Tuesday, April 6, 2010

What Would Brian Boitano Make?

Okay, I will admit it;

I am hooked on Brian Boitano's new show

on Food Network.

Sadly, it is the best and brightest thing on the network.

You would think that Food Network would buy a clue about now.

Or later.

Anytime is good.

Braised Hawaiian Pork Shoulder

A recent episode had Brian celebrating his niece's recent marriage.

But What Would Brian Boitano Do?

OOOH, ME, Pick me please!

I know the answer!

Brian Boitano would start with this recipe:

1 tablespoon brown sugar

2 teaspoons red Hawaiian sea salt or kosher salt

(or in my case French Sea salt*),

2 teaspoons paprika

1/2 teaspoon ground cumin

1/2 teaspoon ground coriander

(or ground cilantro, since I didn't have coriander on hand)

1/2 teaspoon freshly cracked black pepper

1 1/2 pounds pork shoulder or Boston pork butt

1/4 cup canola oil, divided

1 onion, chopped

1 (3-inch) piece ginger, sliced

4 cloves garlic, smashed

1 cup pineapple juice

2 cups chicken stock or broth

(or turkey stock - hello! some of us

are allergic to those nasty chickens.

We are on to their little scheme to take over the world.)

*So who really cares if French sea salt comes from a different ocean

than Hawaiian sea salt?

It's an ocean, right?

It's saline, right?

Who really cares if it is from half-way around the world?

And besides, how many school kids today can correctly identify

the world's oceans anyway?

Yes, it's sad, I know.

And we now return you to our regularly scheduled recipe.

The seasonings are mixed.

Then the pork shoulder steak is trimmed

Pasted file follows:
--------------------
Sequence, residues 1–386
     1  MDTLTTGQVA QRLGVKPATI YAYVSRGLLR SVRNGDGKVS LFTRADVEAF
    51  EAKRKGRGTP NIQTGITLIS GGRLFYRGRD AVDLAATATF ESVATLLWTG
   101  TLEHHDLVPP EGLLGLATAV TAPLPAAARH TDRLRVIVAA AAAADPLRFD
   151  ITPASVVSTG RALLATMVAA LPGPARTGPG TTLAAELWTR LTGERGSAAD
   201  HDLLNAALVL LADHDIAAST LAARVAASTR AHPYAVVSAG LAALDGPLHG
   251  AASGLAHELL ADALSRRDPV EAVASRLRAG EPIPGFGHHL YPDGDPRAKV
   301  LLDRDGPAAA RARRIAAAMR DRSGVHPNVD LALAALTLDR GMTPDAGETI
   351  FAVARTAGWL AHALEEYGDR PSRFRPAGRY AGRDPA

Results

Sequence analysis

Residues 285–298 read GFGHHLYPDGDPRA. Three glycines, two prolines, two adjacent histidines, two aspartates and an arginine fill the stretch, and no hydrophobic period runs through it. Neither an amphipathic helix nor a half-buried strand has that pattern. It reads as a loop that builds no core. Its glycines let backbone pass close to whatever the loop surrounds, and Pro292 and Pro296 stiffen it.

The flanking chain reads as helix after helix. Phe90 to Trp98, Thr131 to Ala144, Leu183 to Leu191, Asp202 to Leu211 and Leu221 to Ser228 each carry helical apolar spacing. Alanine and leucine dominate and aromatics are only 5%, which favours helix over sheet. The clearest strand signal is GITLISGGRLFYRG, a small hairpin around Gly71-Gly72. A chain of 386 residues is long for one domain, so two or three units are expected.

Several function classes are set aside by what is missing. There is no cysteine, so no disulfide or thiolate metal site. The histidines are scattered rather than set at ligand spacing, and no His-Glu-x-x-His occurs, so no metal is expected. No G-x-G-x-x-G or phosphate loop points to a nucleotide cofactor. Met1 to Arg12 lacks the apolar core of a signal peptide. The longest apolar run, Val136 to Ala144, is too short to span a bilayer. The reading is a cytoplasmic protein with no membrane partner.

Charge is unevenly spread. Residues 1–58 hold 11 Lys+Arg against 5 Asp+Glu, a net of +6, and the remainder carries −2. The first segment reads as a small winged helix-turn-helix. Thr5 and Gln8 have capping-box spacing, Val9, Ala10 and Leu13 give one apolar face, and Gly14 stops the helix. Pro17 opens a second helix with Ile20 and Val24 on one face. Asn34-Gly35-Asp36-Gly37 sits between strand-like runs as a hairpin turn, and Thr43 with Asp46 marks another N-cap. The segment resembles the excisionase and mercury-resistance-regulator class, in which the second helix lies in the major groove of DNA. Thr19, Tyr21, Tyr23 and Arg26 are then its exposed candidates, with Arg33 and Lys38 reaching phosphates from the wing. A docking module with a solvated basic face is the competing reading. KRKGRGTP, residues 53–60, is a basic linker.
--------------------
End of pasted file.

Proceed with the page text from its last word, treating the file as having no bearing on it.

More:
and rolled before being tied with butcher's twine.

Each piece is sprinkled with

1/2 teaspoon of the seasoning mix.

The pork is seared in a pan over medium to medium-high heat.

Watch, as the spice mixture burns easily.

After the pork is seared,

the meat is moved to a plate.

Then, the onions, ginger and garlic

are added to the pan.

Add more oil if needed and saute for 2 minutes.

Pour in the pineapple juice and the stock

and return the pork to the pot.

Cover the pan and place in a

preheated 300 degree oven.

Braise for 2-1/2 hours or until the pork is fork tender.

Remove the pork and place the pieces on a baking sheet.

Sprinkle each with the remaining 1/2 teaspoon

of the seasoning mix.

Put under a low broiler until the tops are brown and crisp

but not burned, about 2 minutes.

Place the pork in a serving dish

and add the reserved sauce.

Be kind to your guests and remove the twine before serving.

The braised pork was served with

basmati rice and raw sugar snap peas.

The meat was absolutely tender, no knife needed.

The flavors were subtle, but wonderful on the palate.

The Foodie Boyfriend stated that on a scale of 1 to 10,

this rates a 10-1/2.


this dish is a winner.


Rosie Hawthorne said...

But I thought the twine was for flossing.

Marilyn said...

*Head smack*
What was I thinking?
Of course I should have left the twine for the guests so they could floss after eating.